Greetings from Team R&J, we had another busy week! What were we up to?


We looked closer at the play’s central themes and motifs. Romeo & Juliet is often considered as a transitional play from a time when Shakespeare started to merge comedic and tragic elements, which offers various themes: love, hatred, resistance against authority, generational conflicts and fate. With the love-theme ever so prominent, it is easy to neglect the cause for the lovers’ tragic ends. The feud between both families not only denies the play a happy ending, it is also a significant force that propels the plot.


To grasp this force and to allow the dynamics to unfold on stage, we wanted to look back at the origin of this feud, about which Shakespeare is rather silent in his play. Shakespeare’s Romeo & Juliet (1595-7) is an adaptation of Arthur Brooke’s poem, The Tragicall Historye of Romeus and Juliet, 1562. The poem elaborates much on the deadly hate among the two wealthy families and, unlike Shakespeare’s play, warns the reader of hasty love and disobedience to parents. The story of the tragic lovers was also taken up by William Painter, 1567, in his work The Palace of Pleasure. One of the original Italian sources, of which it is unknown how much Shakespeare drew on, are Matteo Bandello’s Giulietta e Romeo, 1554.


Shakespeare’s play and his sources can be traced back to historical persons and events, the feud between the Montecchi and the Capuleti families. The original dispute was caused by politics: during the 14th-century-civil wars that raged in Verona, one family chose to side with the Roman Emperor, the other one with the Pope in Rome. The extent of the roles of the two tragical lovers remains unclear. It is these political differences that are resumed in Shakespeare’s play in which two “households, both alike in dignity” break from “ancient grudge” to “new mutiny,” where “civil blood makes civil hands unclean” (Chorus).


To plant this feud-shaken atmosphere into our Verona, we embarked on an Italian journey: our production will start in Italian – and it won’t be just any start, but a dramatic one, brace yourselves! Preparatevi! To help us with proper diction, we asked Giorgio Pastore to join us.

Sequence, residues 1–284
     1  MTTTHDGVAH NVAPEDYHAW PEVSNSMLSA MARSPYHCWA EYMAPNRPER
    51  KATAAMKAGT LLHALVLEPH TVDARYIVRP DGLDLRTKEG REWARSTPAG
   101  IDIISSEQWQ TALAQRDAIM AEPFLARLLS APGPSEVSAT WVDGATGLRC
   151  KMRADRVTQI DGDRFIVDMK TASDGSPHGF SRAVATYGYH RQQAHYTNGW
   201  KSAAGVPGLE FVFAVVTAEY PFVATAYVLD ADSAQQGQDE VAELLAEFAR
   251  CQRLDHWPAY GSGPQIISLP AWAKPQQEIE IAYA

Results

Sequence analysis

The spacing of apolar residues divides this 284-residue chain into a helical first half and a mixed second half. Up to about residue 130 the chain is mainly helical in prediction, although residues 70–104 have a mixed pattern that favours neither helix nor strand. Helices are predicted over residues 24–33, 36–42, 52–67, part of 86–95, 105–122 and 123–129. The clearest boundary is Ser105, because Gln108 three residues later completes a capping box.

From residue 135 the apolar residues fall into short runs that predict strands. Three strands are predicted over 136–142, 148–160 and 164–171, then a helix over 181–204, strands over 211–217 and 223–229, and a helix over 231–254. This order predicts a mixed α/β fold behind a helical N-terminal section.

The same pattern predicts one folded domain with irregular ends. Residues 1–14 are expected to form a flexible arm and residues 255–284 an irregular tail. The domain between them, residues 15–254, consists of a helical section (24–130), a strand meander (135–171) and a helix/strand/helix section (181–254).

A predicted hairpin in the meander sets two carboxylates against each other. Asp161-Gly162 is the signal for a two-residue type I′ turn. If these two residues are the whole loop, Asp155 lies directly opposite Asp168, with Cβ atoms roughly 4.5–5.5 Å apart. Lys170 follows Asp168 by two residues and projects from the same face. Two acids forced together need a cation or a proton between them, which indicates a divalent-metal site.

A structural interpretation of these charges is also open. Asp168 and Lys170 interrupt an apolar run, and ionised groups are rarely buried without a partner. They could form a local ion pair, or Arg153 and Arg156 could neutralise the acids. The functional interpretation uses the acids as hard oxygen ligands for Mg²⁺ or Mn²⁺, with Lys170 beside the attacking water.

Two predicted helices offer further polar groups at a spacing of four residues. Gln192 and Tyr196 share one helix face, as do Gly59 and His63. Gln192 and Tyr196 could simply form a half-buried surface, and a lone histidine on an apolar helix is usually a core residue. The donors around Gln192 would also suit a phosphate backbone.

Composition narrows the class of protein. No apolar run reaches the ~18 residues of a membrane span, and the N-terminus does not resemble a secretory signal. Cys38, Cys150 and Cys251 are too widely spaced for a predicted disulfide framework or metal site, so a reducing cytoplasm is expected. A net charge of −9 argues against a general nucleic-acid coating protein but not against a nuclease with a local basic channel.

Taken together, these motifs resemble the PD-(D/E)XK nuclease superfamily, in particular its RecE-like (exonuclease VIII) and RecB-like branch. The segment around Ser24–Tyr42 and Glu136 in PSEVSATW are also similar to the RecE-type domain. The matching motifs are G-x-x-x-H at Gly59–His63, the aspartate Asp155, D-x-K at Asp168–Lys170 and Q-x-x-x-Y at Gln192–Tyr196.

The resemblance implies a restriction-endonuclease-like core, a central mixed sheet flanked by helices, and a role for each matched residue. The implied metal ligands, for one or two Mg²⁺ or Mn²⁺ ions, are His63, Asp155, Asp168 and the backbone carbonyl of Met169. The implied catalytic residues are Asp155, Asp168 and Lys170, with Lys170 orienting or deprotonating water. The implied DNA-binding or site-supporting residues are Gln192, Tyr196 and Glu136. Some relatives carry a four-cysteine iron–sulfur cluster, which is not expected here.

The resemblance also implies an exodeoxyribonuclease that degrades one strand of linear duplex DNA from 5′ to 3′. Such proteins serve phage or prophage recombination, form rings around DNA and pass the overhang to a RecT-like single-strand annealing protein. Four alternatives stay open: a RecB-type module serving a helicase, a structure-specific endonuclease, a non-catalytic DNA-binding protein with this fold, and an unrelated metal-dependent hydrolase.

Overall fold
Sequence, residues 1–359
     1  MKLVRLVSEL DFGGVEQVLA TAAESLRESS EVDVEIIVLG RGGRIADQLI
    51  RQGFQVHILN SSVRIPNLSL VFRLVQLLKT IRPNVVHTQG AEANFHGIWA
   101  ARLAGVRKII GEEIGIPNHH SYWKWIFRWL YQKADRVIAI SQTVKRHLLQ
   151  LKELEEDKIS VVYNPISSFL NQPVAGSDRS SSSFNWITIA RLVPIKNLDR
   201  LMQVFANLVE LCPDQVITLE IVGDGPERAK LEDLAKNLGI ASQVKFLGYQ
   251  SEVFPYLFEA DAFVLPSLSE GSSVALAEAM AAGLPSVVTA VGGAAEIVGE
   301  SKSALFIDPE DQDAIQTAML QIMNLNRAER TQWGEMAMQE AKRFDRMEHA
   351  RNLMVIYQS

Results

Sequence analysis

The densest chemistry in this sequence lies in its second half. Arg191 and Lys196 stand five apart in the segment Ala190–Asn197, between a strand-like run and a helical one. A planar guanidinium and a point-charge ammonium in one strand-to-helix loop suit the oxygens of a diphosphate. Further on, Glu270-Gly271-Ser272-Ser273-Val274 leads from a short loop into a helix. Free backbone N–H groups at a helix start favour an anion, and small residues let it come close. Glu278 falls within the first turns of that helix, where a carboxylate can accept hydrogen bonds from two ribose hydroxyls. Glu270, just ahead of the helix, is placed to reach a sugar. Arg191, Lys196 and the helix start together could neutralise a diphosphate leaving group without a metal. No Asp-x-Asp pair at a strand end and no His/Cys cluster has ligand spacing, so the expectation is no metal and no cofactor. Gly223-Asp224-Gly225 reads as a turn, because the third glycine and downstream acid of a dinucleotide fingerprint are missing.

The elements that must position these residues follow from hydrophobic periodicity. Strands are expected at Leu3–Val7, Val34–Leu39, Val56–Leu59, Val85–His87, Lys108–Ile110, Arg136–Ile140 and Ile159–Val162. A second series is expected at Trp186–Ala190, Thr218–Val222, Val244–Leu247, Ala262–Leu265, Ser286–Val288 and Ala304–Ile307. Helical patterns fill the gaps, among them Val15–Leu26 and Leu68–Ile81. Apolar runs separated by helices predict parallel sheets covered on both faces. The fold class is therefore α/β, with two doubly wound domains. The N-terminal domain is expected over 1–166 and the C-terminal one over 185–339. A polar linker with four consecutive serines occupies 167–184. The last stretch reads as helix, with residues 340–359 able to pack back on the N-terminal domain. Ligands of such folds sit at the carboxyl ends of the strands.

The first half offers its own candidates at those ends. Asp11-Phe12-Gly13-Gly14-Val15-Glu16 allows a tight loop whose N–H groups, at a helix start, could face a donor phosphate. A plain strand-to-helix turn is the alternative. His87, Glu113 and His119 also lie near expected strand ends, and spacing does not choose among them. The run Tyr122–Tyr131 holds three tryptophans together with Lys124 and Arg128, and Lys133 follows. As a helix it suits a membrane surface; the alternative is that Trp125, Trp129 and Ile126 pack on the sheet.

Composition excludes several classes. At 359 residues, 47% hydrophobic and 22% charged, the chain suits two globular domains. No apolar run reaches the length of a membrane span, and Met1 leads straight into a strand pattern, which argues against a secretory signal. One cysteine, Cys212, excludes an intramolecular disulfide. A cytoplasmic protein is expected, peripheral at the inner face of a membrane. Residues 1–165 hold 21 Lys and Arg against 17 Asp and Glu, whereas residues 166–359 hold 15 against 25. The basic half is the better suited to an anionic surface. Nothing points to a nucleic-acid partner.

Giorgio Pastore, Italian Diction Coach Photo: Conny Loder
Cast rehearsing in Italian Photo: Conny Loder

This was a fun activity and everyone mastered it very well. It will be a great addition to the play — come and find out yourselves in July!

What else were we up to?

We also looked closely at some key scenes of the play. Apart from the opening of the play, scene 7 (the masked ball at which Romeo and Juliet meet for the first time) and scene 14 (the deaths of Mercutio and Tybalt) much determine the plot.

Scene 7 challenges us not only to put on our dancing shoes and try out a Renaissance dance, but also introduces the love between the two lead characters. A sneak peek of our dance can be found here.

Scene 14 on the other hand becomes the play’s pivotal point. Until then, the story could have very well climaxed in a happy ending. The tragic and fatal intervention of Romeo to end the duel between Tybalt and Mercutio, together with Romeo avenging Mercutio’s death, both steer the first half of the play from comedy to tragedy. Below you can have a first look at some of these fatal moments. Our Fight Director Sara Brandt did a marvelous job in coaching our actors, don’t you think?

Stay tuned, our next blog entry will take you behind the scenes when we unravel our plans for set design and costumes.

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